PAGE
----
Most Canadians wouldn’t associate their country with Crohn’s disease and ulcerative colitis. But, with 230,000 Canadians living with these diseases—the highest rate in the world—Crohn’s and colitis have been called “Canada’s disease”. Through advocacy and dedicated research, Canada’s ownership of Crohn’s and colitis has extended to our search for a solution. Now, Canada is leading the most advanced Crohn’s and colitis research in the world, with UBC at the forefront.
Since 1980, UBC has partnered with Crohn’s and Colitis Canada to lead discoveries into new treatment options for people suffering with these two diseases. The University’s dedicated scientists have examined the connection between inflammation in the gastrointestinal tract—the key feature of Crohn’s and colitis—and the body’s immune response.
People with Crohn’s disease and ulcerative colitis live with periods of extreme inflammation in their digestive systems that can cause severe pain, cramping, fatigue, and diarrhea. These diseases seriously compromise the lives and livelihoods of those affected, and current treatments aren’t enough. The diseases still do not have a cure and often lead to frequent hospital visits and surgeries to remove damaged tissues. Along with the physical effects of the diseases, patients face barriers to employment, high incidences of depression, and significantly decreased overall quality of life. Canada needs more research to discover the underlying mechanisms of these chronic diseases and to develop more effective treatments.
At UBC, researchers have already expanded our understanding of gastrointestinal inflammation, and now, Dr. Laura Sly, Assistant Professor in the Division of Gastroenterology, and Lisa Kozicky, PhD student, are striving to understand the role of immune cells called macrophages in Crohn’s disease and ulcerative colitis. Although macrophages contribute to healthy inflammation that protects our bodies during infection, they become harmful and contribute to unnecessary inflammation in people with Crohn’s disease and ulcerative colitis.
Recently, Lisa and Dr. Sly have proven that macrophages can be altered to decrease inflammation. Their current aim is to test whether these macrophages can be created or altered within the intestine, for the promise of a minimally-invasive treatment option that enhances lives in BC and beyond.
Lisa and Dr. Sly’s research is funded by Crohn’s and Colitis Canada, a volunteer-based charity established in 1974 to stop the suffering of children and adults with Crohn’s disease and ulcerative colitis and find a cure for the diseases. Crohn’s and Colitis Canada funds leading research across the country, and has supported the training and discoveries of a number of UBC’s most talented researchers.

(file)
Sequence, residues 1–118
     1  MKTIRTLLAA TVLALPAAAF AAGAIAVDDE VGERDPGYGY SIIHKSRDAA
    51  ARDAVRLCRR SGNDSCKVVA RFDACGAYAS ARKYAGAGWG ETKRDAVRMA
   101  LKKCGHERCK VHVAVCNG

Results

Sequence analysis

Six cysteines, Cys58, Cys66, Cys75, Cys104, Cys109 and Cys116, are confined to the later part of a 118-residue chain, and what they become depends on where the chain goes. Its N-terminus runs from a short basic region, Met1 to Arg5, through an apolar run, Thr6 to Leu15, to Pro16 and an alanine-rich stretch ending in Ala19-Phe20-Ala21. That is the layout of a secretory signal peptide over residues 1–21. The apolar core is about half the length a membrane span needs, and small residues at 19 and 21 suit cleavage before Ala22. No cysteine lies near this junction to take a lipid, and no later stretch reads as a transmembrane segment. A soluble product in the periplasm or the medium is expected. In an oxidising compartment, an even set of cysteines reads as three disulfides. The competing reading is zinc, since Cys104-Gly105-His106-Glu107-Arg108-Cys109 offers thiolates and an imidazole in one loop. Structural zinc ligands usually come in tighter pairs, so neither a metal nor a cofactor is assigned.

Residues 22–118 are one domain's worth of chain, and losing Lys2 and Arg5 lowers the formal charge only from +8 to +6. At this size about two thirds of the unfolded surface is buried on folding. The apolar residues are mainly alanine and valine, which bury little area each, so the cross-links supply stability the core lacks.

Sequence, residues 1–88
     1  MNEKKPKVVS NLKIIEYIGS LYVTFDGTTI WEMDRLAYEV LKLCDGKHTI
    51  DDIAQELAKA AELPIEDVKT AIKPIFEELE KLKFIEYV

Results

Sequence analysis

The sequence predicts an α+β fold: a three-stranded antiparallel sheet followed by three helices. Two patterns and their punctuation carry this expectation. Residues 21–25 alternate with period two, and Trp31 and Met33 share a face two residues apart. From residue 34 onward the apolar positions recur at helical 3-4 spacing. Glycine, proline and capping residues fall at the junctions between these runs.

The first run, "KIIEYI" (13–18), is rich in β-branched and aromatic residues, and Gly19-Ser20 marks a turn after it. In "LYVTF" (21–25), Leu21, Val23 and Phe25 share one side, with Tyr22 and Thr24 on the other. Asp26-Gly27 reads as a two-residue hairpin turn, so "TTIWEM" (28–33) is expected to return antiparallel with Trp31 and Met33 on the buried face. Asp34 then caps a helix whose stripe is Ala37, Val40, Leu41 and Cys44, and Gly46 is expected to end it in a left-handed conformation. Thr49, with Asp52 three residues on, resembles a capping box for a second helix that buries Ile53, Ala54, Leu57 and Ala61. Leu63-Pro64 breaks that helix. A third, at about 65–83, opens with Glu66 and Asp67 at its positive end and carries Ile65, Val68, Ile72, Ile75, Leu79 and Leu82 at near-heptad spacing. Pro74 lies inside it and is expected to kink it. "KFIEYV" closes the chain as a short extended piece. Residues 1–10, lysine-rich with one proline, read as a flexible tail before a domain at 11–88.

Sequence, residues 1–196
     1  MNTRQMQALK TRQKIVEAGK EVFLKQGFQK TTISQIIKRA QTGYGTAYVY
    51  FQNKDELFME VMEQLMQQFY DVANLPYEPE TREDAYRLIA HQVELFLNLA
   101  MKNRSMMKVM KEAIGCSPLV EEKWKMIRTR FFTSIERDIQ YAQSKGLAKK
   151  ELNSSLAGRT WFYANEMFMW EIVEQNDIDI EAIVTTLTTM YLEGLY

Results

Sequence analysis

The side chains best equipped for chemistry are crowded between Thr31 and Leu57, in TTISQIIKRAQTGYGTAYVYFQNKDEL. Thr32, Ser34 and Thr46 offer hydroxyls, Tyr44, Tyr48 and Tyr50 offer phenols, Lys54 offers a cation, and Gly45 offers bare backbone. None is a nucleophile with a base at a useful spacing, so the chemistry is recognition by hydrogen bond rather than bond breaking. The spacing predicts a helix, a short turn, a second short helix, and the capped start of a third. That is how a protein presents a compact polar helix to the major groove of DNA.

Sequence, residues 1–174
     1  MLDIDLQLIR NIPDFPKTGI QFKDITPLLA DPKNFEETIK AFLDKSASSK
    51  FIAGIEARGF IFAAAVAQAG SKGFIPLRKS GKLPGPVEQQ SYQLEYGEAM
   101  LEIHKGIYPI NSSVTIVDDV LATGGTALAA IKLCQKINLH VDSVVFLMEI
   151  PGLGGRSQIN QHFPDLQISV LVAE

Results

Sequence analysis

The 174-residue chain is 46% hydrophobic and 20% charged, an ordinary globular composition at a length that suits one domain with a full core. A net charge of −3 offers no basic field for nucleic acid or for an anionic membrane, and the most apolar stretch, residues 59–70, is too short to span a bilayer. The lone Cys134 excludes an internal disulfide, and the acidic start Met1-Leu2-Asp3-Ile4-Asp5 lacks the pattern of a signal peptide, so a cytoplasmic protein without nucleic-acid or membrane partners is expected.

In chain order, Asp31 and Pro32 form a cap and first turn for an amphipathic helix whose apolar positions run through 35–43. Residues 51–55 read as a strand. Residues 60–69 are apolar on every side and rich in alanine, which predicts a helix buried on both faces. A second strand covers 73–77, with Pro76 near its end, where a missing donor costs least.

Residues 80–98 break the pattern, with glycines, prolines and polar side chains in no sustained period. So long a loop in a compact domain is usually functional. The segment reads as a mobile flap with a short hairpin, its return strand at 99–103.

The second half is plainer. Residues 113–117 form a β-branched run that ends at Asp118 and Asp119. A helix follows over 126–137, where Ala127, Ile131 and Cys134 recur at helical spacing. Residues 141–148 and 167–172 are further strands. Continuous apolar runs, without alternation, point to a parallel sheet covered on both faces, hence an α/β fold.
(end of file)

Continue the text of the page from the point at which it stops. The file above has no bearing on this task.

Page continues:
Along with funding Dr. Sly, Crohn’s and Colitis Canada has recently provided grants to the following professors:
- Dr. Deanna Gibson, Assistant Professor in the Department of Biology, for her work “IBD Risk is modulated through intestinal microbes and dietary fats”,
- Dr. Kevan Jacobson, Associate Professor and Senior Clinician Scientist in the Department of Pediatrics, for his work “Strengthening the epithelial barrier reduces susceptibility to IBD”,
- Dr. Theodore Steiner, Associate Professor and Associate Head in the Division of Infectious Diseases, for his work “Laying the groundwork for T-regulatory cellular therapy for inflammatory bowel disease”,
- Dr. Bruce Vallance, Associate Professor in the Division of Gastroenterology, for his work “Examining the role between inflammatory tissue and protective innate signaling”, and
- Dr. Stuart Turvey, Associate Professor in the Department of Pediatrics, Division of Allergy and Clinical Immunology for his work “Development of anti-inflammatory nanomedicine for inflammatory bowel disease”.
Further support is urgently needed to progress critical Crohn’s disease and ulcerative colitis research. As 10,000 new cases are diagnosed each year in Canada alone, your support is invaluable in expanding our research and creating hope for a cure.
November is Crohn’s and colitis awareness month. Visit www.crohnsandcolitis.ca to read about events in your area.
For more information, please contact:
Senior Associate Director, Development
UBC Faculty of Medicine
Crohn’s and Colitis Canada